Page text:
The Tek Pulse: The latest and greatest engineering and science posts


Informative, innovative and interesting articles from our favorite blogs


  1. Graphene Layered with Magnetic Materials Could Drive Ultrathin Spintronics, DOE/Lawrence Berkeley National Laboratory, May 29, 2018, ECN -- Researchers have produced exotic behavior in electrons that could be used for next-generation computing applications. The team coupled graphene with thin layers of magnetic materials like cobalt and nickel to create the behavior. In this work, the team showed that spin property – analogous to a compass needle that can be tuned to face north or south – is affected by the interaction of graphene with the magnetic layers. The researchers found that the material’s electronic and magnetic properties create tiny swirling patterns where the layers meet. This effect gives scientists hope for controlling the direction of these swirls and tapping the effect for a form of spintronics called, “spin-orbitronics” in ultrathin materials. The ultimate goal is to quickly and efficiently store and manipulate data at small scales without heat buildup, which is a common roadblock for miniaturizing computing devices. For the full story visit ECN.
  2. Black holes from an exacomputer, Goethe University Frankfurt, May 28, 2018, EurekAlert – Using a novel numerical method, researchers have now simulated what happens when two black holes merge and when stars collide with a black hole. The simulation code is designed in such a way that it will be able to calculate gravitational waves on the future generation of “exascale” supercomputers. The challenge in simulating black holes lies in the need to solve a complex Einstein system of equations. This can only be done numerically and by exploiting the power of supercomputers. The method applies the ideas of the Russian physicist Galerkin to allow the computation of gravitational waves on supercomputers with high accuracy and speed. The new mathematical algorithms also apply to the study of tsunamis and earthquakes in addition to black holes and other astrophysical objects. For the full article visit EurekAlert.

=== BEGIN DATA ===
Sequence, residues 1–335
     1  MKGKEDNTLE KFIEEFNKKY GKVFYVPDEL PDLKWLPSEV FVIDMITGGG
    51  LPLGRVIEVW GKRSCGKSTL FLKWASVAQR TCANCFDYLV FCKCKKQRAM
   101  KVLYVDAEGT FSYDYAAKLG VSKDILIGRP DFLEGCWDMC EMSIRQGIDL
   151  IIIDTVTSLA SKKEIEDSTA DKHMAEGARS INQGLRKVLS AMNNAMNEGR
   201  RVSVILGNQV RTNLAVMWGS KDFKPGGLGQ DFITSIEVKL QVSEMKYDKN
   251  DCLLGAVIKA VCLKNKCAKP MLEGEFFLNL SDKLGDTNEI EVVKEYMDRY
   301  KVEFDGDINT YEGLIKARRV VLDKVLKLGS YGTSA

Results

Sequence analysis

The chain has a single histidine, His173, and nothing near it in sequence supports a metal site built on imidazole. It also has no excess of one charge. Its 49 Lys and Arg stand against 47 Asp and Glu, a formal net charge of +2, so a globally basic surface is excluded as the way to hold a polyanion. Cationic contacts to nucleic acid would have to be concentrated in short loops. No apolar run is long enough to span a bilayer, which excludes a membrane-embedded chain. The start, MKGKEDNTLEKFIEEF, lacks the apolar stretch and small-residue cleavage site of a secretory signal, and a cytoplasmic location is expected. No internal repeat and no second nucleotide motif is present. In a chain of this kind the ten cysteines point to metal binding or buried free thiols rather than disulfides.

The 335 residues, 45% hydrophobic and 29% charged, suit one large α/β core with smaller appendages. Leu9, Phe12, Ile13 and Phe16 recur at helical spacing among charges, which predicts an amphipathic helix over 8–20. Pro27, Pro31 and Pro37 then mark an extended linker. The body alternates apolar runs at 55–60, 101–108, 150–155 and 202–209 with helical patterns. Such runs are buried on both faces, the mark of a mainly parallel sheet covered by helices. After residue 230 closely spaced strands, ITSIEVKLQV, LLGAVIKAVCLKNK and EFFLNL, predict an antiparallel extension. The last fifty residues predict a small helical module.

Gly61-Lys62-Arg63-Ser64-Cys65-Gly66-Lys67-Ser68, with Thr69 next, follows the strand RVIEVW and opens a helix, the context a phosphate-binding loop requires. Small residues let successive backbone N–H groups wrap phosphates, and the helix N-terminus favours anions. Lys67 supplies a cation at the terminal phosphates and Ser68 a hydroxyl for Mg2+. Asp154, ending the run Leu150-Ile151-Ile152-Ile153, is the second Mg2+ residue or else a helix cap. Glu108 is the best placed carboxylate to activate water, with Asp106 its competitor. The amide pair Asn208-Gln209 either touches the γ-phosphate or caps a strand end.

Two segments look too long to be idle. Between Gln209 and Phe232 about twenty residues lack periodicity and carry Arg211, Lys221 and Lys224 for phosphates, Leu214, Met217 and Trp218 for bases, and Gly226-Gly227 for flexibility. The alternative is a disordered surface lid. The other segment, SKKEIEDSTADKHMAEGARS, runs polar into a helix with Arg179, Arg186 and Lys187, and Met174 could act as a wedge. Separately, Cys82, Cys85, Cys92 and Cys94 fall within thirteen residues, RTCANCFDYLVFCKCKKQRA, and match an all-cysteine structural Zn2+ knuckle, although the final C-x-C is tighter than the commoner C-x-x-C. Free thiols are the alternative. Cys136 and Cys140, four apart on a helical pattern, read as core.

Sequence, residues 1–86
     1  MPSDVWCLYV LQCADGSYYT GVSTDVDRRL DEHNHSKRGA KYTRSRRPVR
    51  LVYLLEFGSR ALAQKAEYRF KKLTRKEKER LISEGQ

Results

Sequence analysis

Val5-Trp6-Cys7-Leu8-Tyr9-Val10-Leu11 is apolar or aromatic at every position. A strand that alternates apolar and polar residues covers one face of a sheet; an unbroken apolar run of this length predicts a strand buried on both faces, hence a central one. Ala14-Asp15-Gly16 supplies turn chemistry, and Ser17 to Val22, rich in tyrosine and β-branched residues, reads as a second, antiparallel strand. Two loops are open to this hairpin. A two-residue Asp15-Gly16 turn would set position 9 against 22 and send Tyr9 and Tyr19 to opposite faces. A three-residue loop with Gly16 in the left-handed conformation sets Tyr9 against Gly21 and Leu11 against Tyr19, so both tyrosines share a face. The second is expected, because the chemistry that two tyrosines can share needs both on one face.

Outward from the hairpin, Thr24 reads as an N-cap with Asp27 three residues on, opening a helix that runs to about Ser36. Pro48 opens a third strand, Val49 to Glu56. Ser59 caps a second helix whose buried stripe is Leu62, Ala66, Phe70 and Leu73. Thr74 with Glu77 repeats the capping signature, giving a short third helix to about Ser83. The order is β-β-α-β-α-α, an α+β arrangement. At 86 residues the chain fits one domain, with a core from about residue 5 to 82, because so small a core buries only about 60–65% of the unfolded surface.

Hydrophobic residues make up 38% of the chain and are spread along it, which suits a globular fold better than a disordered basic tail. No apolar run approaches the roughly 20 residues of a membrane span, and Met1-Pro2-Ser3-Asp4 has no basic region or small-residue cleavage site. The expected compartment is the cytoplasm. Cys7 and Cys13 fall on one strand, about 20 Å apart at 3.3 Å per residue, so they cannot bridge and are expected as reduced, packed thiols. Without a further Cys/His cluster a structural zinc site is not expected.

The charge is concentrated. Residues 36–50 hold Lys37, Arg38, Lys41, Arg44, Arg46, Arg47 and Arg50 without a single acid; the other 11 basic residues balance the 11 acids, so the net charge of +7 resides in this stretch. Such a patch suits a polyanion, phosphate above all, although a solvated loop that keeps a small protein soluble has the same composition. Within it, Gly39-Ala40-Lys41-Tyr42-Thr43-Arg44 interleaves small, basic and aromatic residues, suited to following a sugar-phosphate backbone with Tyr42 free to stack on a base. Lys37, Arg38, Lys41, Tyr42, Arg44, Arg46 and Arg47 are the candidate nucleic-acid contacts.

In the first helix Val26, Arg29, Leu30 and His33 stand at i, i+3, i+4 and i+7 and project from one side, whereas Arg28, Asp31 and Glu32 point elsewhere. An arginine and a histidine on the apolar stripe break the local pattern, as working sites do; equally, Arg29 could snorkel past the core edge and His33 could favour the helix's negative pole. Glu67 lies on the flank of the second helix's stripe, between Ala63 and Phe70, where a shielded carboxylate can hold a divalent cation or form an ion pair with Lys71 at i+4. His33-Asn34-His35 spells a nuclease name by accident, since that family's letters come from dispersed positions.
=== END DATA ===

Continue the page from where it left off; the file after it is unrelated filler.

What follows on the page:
3. World’s Fastest Water Heater Can Boil Water Within Fraction of a Second, Aniqa Ajmal, May 29, 2018, Wonderful Engineering -- Scientists have developed the world’s fastest water heater. A new and powerful X-ray beam can heat water from room temperature to 100,000 degrees Celsius in less than a tenth of a picosecond or a millionth of a second. The system relies on a mechanism that resembles a traditional microwave. Electromagnetic waves are shot toward a body of water, which absorbs the energy instantly. When the temperature rises quickly, the electron in the molecules become too excited for the nucleus to hold them. The electrons are then released from the atom and leave hydrogen and a single oxygen particle behind as positively charged particles. The process is repeated several times causing the water to rapidly build up the positive charge. The positive charges in the water repel and force each other in opposite directions, causing the water to heat instantly. The research is helping scientists better understand the peculiar characteristics that were observed with water at different temperatures and beyond its plasma point. For more information visit Wonderful Engineering.
  4. Supercomputer Technology is Helping Unlock the Mystery of Medieval Graffiti, University of Illinois, National Center for Supercomputing Applications, May 29, 2018, Scientific Computing -- Mia Trentin, a postdoctoral fellow, with the help of the National Center for Supercomputing Applications (NCSA), is studying graffiti to learn what life was like in the middle ages. Graffiti may have been ubiquitous in medieval Europe, but if so, most have suffered decay or destruction due to deteriorating architecture. According to Trentin, almost all enduring graffiti is on religious buildings due to good caretaking. With advanced technologies from NCSA, Trentin will have a better chance of understanding what the graffiti means. The plan is to integrate Trentin’s data with Clowder – a versatile data management system developed at NCSA. Clowder will provide a unique database to further investigations. Clowder will also allow Trentin to define her own standard vocabulary and metadata definitions. This will allow other users to perform advanced, targeted searchers of the data using their own metric. Clowder’s Web Service API also enables the creation of a custom web interface, allowing researchers to immerse themselves in the graffiti. For the full story visit Scientific Computing.   
  5. And lastly, the most popular Tektronix download of the week goes to Making Standby Power Measurements. Our definitive guide to making standby power measurements covers standby power measurement challenges and connecting to the system under test. Our guide will also provide you with example measurements.

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